TV Review | F is for Family Season Two

F is for Family Season Two
Starring: (the voices of) Bill Burr, Laura Dern, Justin Long, Debi Derryberry, Haley Reinhart and Sam Rockwell with David Koechner, Joe Buck, Alison Janney, Gary Cole, Kevin Michael Richardson, Phil Hendrie, Mo Collins, Trevor Devall and others
Episodes: 10
Channel: Netflix

The first season of this Netflix animated comedy-drama based on comedian Bill Burr’s experiences of growing up in the early seventies seemed to fly under the radar a little, which is a shame as it contained a well written slice of family drama, a fully rounded 3D main character and several season long arcs to cover the fact that – say this quietly – aside from some comedy swearing it wasn’t particularly funny.

In fairness, unlike a lot of other “adult” comedies, even some very good ones, it didn’t resort to crude or vulgar humour in hopes of getting a shock laugh. It was profane, sure, but rarely cheap and as a result while it had a low gag count, those gags didn’t result in cringeworthy misses half as often as other shows.

The good news for those who did follow season one through to the end is that season two is bigger (up to ten episodes from six) and it’s better in every way. The drama is better, the characterisation deeper and it’s funny. In fact, it’s frequently laugh-out-loud hilarious.

Season two kicks off a few weeks after season one ended with Frank and Sue Murphy both trying to provide for their struggling family. The focus on this series is their marriage: what makes it work? And if they are staying together just for the kids, then what made them fall for each other in the first place? Frank is angry, a man whose live happened to him before he could follow his dreams, but is heart is ultimately in the right place and he wants to provide for his family. How will he cope with Sue trying to be the main breadwinner of the family?

Last season was Frank’s story and Sue felt a little one-note, but here she has her own major plot and is now a main character on his level. In elevating her role the writers have created a comedy show with two fully 3D, flawed but ultimately real people as lead characters.

While the writers are doing an admirable job in that respect it has to be said the family aren’t the funniest characters. The real belly-laughs come from the supporting cast. Every supporting character may be a 2D caricature in comparison, but being under no pressure to make them fully rounded characters, the writers instead simply give them all the best lines; from the the wet-blanket wimpy kid and budding psychopath, the homosexual male trapped in a stifling false marriage, the chauvinist company executives, the two brain-dead baggage handlers at the airport and the sex obsessed egotistical airport boss to fall back on in the comedy stakes. Thankfully they’ve realised that Bob “Pogo” Pogrohovic (voiced by Anchorman‘s David Koechner), Frank’s morbidly obese boss is by far the funniest character and the writers seem to be falling over themselves to write the best one-liner for him. He is joined in funniest character race by a new addition, Smokey, a vending machine supplier with a foul mouth and his own mini-arc. Much in the same way as The Simpson’s has a supporting cast of hundreds it can wheel out for quick gags, so F is for Family is impressively building its own.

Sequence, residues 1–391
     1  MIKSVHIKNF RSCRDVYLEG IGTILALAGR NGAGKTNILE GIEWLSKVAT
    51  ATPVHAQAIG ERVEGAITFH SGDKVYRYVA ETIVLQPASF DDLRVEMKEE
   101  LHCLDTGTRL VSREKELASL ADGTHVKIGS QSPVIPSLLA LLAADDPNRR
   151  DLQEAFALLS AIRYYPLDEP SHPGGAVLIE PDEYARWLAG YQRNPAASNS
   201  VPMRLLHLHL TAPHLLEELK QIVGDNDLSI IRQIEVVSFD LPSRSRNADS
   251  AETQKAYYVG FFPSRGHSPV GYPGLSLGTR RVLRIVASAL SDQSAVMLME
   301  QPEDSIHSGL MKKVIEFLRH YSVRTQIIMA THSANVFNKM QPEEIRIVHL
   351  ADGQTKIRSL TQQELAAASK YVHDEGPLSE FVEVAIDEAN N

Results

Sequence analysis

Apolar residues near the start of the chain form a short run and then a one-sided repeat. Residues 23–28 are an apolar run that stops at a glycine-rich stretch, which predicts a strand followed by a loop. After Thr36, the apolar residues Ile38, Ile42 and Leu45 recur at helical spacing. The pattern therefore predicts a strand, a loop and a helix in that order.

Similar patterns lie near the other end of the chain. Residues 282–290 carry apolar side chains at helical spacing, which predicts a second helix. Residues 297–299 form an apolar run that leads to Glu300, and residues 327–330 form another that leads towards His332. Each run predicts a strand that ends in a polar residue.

The Murphy family children are less successful: Kevin is raised from insufferable to bearable but not higher, Bill is still feuding with the school bully like if every Simpson’s episode was only ever about Bart vs. Nelson and Maureen is still sidelined. Of the support characters it is sadly Sam Rockwell (an actor I normally admire) who’s cocaine snorting radio DJ never quite feels like a good fit, even when he’s included amongst the main plots.

The pacing is also excellent, ten 25-30 minute episodes being the perfect length of time to tell the stories rather than padding anything out to force the popular 13 x 50 minute structure popular today.

It could be set anytime – this is both praise and criticism: the family dynamics are timeless but the seventies setting underutilised. When F is For Family tries to satirise seventies culture and entertainment it never quite hits its rather broad targets and then doesn’t bother trying again for large periods of time as if it was never truly bothered anyway. Satire and rapid-fire witty dialogue aren’t the series strong suits. It should stick to its often raw and realistic portrayal of two people raising a family – if the situations are often pushed to extreme levels – and putting the supporting cast in situations where they can deliver one line zingers. Oh, and the comedy swearing.

The Verdict: Sometimes touching, often dark frequently hilarious, this second season deserves to be a “coming out party” for F is for Family. It’s on the border between being good and very good, and for being a 100% improvement on an already solid first season I’m prepared to go to the top end of possible ratings:

4/5

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